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Cabaret

NEWS
By CHRIS KALTENBACH | April 3, 2009
Classic movies are returning to the Senator this weekend, part of an effort to derail the scheduled April 20 foreclosure auction of the 70-year-old North Baltimore landmark. Bob Fosse's 1972 Cabaret, with Liza Minnelli in her Oscar-winning role, and Christopher Lee in 1958's Horror of Dracula kick off what outgoing owner Tom Kiefaber plans as a series of classic-film screenings, with proceeds used to defray operating costs and work toward bringing current the theater's mortgage. Cabaret, which won eight Oscars (and probably would have won nine, had a little film called The Godfather not won Best Picture)
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ENTERTAINMENT
By [SARAH KICKLER KELBER] | December 27, 2007
`Puss in Boots' The lowdown -- See a British-style pantomime version of Puss in Boots, written and directed by Peabody Opera Theatre director Roger Brunyate, starting today at Theatre Project. The interactive, family-friendly production tells the story of the miller's son and the titular feline. James Kinstle of the Baltimore Shakespeare Festival stars as the Dame, and Maryland Institute College of Art's Kali Ciesemier created the stage sets. If you go -- The production runs today through Jan. 6 at Theatre Project, 45 W. Preston St. Showtimes vary.
NEWS
July 28, 2006
Summer theater -- Annapolis Summer Garden Theatre presents Cabaret at 8:30 p.m. Thursdays through Sundays from Aug. 4 to Sept. 2 at 143 Compromise St. The musical tells the story of turmoil in the lives of Berlin residents in the era leading up to World War II. Tickets are $15, and $12 for seniors, children older than 5 and those in groups of 20 or more. Children younger than 5 are not admitted. 410-268-9212 or www.summergarden.com.
FEATURES
April 25, 1991
The premiere of a new play about the gulf war and its ramifications, "Saddam," will open on May 17 for a four-week run at the Fells Point Cabaret Theatre, 723 S. Broadway.Conceived by producer Howard Perloff and written by playwright Michael Elkin, the work with a cast of five characters, is the first Equity production staged by the local theater group.A new stage and lighting system has been installed in the venue, which formerly presented audience participation productions.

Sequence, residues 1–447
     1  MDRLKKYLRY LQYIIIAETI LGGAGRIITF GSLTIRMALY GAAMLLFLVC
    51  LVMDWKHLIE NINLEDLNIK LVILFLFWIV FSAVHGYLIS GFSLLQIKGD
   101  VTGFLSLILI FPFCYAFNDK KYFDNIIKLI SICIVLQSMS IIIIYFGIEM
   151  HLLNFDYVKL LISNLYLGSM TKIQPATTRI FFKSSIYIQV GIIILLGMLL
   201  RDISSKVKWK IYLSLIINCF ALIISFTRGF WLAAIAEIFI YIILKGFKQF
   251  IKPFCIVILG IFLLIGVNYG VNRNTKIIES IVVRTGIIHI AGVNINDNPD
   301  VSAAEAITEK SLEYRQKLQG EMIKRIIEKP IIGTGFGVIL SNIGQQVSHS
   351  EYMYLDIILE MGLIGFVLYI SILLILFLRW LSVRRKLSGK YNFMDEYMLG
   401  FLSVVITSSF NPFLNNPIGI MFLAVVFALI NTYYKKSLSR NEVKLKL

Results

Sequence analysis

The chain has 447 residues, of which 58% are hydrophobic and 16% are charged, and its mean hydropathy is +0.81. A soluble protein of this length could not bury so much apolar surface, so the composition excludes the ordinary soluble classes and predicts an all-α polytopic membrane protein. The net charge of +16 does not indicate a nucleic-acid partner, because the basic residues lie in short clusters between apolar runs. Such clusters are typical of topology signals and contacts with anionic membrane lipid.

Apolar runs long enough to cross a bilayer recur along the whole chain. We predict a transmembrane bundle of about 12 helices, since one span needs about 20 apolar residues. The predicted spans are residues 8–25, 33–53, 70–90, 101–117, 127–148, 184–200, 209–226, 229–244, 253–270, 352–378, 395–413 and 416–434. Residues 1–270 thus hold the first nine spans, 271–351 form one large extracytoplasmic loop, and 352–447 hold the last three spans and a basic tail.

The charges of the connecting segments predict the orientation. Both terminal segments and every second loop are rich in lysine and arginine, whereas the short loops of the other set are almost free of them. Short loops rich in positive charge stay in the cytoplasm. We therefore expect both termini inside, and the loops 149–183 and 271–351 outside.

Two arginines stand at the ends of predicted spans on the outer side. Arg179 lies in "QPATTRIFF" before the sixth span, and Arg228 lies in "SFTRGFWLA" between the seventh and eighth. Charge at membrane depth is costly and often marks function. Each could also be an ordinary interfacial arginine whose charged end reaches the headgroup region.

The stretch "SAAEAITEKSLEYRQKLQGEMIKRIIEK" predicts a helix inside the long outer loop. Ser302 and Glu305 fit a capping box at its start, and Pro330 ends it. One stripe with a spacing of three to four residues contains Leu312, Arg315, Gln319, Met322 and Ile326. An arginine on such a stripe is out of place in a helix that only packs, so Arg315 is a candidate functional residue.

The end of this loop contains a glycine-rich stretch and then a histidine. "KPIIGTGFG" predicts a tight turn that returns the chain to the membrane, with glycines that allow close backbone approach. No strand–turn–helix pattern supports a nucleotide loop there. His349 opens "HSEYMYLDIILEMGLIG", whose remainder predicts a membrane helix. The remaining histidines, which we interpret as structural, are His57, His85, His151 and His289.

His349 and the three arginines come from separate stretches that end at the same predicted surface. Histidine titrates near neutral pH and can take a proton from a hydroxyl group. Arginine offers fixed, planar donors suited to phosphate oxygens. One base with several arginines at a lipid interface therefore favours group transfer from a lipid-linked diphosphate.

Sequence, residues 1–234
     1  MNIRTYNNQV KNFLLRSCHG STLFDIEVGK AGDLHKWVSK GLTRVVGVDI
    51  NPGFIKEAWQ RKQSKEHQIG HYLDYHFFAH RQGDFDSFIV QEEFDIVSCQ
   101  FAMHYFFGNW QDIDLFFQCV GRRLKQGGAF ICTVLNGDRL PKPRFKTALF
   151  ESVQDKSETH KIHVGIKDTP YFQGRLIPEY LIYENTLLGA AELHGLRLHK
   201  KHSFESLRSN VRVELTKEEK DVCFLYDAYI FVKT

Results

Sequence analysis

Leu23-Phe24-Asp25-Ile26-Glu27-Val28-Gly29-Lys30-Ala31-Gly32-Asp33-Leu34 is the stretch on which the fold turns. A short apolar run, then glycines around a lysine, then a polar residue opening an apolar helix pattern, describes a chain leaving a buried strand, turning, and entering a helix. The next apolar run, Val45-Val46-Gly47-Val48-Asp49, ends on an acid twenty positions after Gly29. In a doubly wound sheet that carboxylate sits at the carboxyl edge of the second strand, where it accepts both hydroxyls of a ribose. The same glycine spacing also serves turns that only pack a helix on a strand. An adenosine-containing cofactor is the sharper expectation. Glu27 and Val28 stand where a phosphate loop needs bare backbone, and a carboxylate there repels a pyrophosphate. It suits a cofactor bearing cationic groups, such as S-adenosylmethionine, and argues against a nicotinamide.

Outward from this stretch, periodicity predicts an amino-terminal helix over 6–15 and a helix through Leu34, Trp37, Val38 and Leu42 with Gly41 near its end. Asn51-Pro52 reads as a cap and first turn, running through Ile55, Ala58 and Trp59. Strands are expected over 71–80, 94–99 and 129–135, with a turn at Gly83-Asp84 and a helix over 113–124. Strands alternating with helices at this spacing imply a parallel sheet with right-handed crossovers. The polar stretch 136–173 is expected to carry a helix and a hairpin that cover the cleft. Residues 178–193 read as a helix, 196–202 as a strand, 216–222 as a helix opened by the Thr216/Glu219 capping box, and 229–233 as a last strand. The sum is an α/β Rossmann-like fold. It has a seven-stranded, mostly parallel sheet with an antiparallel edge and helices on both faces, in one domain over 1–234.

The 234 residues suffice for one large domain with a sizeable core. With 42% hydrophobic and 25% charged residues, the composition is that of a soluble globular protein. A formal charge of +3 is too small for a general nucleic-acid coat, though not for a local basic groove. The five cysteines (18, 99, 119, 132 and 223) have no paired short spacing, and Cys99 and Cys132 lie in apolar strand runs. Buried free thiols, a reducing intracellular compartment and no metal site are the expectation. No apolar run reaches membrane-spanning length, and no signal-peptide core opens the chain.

NEWS
By Lorraine Mirabella Columnist Sylvia Badger contributed to this article | January 12, 1992
Richard D. Byrd, lawyer, theater producer, writerAttorney Richard D. Byrd, who founded one of the nation's first dinner theaters, won acclaim as a local producer, director, writer and actor and wrote an Emmy-nominated television documentary, died yesterday. He was 63.Services for Mr. Byrd, who died of pancreatic cancer at his home in Baltimore's Guilford section, will be held at noon Tuesday at the Church of the Redeemer, 5603 N. Charles St.Mr. Byrd was described by acquaintances as a Renaissance man who forged careers in law, theater, radio and, briefly, city politics.
ENTERTAINMENT
By J. Wynn Rousuck | July 2, 2000
"If you can make it there, you'll make it anywhere." "Life is a cabaret." When you hear these phrases, the music sounds in your head. That's one indication of how well songwriters John Kander and Fred Ebb integrate music and lyrics. And, when they're writing for Broadway, as they have in such shows as "Chicago," "Cabaret" and "Kiss of the Spider Woman," they weave their songs so neatly into the fabric of the shows, they often seem inseparable. Nine years ago, however, Scott Ellis, Susan Stroman and David Thompson discovered new and witty contexts for Kander and Ebb's greatest hits, as well as some of their lesser-known gems.